2.2 Multisector partners

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2 2 socios multisectoriales-eng

It has often been said that minimizing the health impact of disasters and emergencies is too big a job for the health sector alone.  Achieving this goal requires the commitment and active support of many different agencies, sectors and individuals. It also requires joint training initiatives in a variety of areas that often are still new to the health sector. The involvement of multisector partners will have the value added of gaining buy-in from non-health professionals, who are critical to achieving health sector objectives.

  • Ministries of finance and planning: Ministries of finance, planning, and development also have recognized the importance of risk reduction as essential to sustainable development. They often receive support from multinational organizations, which has contributed to awareness of the issues outside the health sector. However, ensuring that awareness translates into concrete action requires continued efforts to engage key ministries as part of efforts to integrate risk management into the everyday business of government, especially to improve investment in mitigation measures for key infrastructure such as hospitals.
  • Ministries of foreign affairs: it is important for the health sector to engage in an ongoing dialogue with ministries of foreign affairs, particularly with regard to issues concerning post-disaster international aid. For many years, particularly in Latin America and the Caribbean, ministries of foreign affairs have played a strong part in two important ways: prior to disasters, their involvement at national level in setting policies and guidelines regarding effective aid has helped to facilitate the movement of goods and services in a disaster-stricken country. Staff from ministries of foreign affairs serving in traditional donor countries have also been instrumental in shaping public opinion as to what constitutes good donations. This partnership with the health sector, which requires strong collaboration in non-disaster times, is more important than ever as many more countries in the Americas are becoming donors of humanitarian aid, particularly inter-regionally.
  • Police, civil protection systems and military forces: these national agencies have a critical role to play, particularly in rapid response. Many are also taking an increasingly important role in preparing to face emergencies. For example, the US military sponsors an exercise called FAHUM (Humanitarian Armed Forces). FAHUM is an annual disaster relief field training and command post exercise involving military and civilian agencies in the Region. The exercise is typically held before the start of the Atlantic hurricane season and provides a mission rehearsal exercise that tests and improves regional and national disaster response capabilities within Central America and the Caribbean Basin. View a short video on the 2009 FAHUM exercise. In many instances in Latin America and the Caribbean, Civil Protection is the lead agency for the UNISDR National Platforms, which are described in a later section on UN agencies.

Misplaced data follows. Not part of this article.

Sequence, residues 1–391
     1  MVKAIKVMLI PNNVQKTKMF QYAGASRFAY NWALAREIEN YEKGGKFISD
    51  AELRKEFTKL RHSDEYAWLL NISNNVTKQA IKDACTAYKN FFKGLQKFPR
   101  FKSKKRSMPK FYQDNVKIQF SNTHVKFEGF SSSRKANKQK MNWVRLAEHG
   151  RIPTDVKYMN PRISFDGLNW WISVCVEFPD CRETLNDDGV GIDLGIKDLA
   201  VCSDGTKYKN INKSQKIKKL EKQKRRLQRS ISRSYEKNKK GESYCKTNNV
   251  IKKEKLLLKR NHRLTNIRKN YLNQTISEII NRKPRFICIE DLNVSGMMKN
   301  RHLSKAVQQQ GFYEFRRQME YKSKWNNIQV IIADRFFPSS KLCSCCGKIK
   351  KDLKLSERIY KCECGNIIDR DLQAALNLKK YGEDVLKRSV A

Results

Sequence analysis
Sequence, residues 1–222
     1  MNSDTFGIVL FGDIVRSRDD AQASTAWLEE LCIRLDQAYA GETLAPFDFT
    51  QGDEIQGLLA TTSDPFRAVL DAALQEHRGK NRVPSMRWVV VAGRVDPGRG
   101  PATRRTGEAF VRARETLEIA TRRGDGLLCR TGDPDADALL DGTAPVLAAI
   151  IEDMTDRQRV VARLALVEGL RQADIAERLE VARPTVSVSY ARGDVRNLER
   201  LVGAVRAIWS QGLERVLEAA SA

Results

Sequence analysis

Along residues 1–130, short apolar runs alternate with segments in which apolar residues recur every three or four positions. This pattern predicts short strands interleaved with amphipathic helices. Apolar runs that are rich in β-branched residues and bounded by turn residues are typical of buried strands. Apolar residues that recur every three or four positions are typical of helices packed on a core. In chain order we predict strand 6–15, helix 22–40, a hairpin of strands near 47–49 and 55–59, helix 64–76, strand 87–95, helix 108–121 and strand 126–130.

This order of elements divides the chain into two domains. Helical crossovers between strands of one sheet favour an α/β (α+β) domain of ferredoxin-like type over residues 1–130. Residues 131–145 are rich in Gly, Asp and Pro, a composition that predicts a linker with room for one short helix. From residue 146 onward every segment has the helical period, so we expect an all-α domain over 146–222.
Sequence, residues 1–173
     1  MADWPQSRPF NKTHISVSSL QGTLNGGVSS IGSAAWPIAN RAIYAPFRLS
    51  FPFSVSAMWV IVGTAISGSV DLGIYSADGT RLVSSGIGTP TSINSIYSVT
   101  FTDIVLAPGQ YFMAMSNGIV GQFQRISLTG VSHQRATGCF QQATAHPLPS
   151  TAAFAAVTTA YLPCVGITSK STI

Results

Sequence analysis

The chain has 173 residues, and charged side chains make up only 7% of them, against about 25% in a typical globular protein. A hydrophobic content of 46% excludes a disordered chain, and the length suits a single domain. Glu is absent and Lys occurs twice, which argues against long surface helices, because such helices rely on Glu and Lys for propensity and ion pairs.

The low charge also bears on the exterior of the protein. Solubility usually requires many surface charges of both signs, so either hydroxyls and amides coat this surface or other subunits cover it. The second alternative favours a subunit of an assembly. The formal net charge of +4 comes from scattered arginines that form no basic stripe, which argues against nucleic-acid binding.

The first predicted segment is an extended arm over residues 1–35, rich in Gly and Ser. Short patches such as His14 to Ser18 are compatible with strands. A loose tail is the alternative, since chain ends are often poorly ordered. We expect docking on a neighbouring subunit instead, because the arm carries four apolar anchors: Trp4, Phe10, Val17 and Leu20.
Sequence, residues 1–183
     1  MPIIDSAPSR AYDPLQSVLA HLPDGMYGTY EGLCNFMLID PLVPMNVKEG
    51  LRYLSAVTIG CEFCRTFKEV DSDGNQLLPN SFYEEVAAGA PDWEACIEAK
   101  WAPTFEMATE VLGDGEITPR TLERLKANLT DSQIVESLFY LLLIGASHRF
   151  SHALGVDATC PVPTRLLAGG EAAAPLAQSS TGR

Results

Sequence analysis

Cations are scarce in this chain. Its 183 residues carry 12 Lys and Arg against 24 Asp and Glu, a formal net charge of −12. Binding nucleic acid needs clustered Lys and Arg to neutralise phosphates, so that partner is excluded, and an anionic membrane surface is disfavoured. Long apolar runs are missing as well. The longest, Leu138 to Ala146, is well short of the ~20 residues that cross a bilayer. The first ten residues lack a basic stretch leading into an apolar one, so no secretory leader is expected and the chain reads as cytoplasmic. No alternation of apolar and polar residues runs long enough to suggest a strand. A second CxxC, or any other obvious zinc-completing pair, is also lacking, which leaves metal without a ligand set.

• Municipalities and local governments: For some time now, the health sector in the Americas has steadily pursued a process of decentralization—shifting both responsibilities and resources from the central level to the departmental or municipal level, in the belief that health resources should be located in the communities that use them. This strategy of decentralization has allowed local authorities and health professionals to make fundamental decisions regarding individual and community health and devise disaster preparedness and risk reduction strategies in their countries.
  • International financial institutions: establishing more structured and systematic relationships with the principal IFIs, including the World Bank and the Regional Development Banks in Latin America and the Caribbean (IADB, CDB, CAF, BCIE, etc.) enhance technical and advocacy work. The World Bank’s Global Facility for Disaster Reduction and Recovery (GFDRR) is a partnership of 35 countries, the ACP Secretariat, the European Commission, the United Nations International Strategy for Disaster Reduction, and the World Bank, committed to helping disaster-prone developing countries and regions reduce their vulnerability to natural hazards and adapt to climate change. GFDRR works to mainstream disaster risk reduction in national development strategies and investments, and as part of its mandate, GFDRR promotes global knowledge and good practices, supports initiatives for enhanced global and regional cooperation, and promotes greater South-South cooperation in disaster risk reduction.
  • Media and journalist networks: in emergency and disaster situations, the media can be both consumers and providers of information. Therefore, it is important to forge partnerships between the media and the health sector during normal times. Pre-established partnerships with media outlets make it easier to engage them in time of disasters and emergencies. During this period they serve as a critical partner to facilitate the transmission of messages that can generate humanitarian aid, inform public behavior, and contribute to reducing the loss of life in disaster situations.
  • Universities, libraries, information and research centers, etc.there is already significant collaboration with a range of academic institutions and centers. This is particularly noteworthy in the area of information management and the surveillance of disease outbreaks that lead to health crises. Health information networks, such as the CRID, the multiagency Regional Disaster Information Center and the CANDHI (Central American Network for Disaster Health Information) are key players in the collection, organization and dissemination of this type of information.